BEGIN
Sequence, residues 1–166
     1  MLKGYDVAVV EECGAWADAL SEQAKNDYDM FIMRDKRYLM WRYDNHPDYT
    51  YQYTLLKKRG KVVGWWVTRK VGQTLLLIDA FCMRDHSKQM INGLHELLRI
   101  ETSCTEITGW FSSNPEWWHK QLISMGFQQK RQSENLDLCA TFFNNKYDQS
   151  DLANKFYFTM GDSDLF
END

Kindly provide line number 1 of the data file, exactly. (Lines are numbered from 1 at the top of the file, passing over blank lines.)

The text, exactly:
Sequence, residues 1–166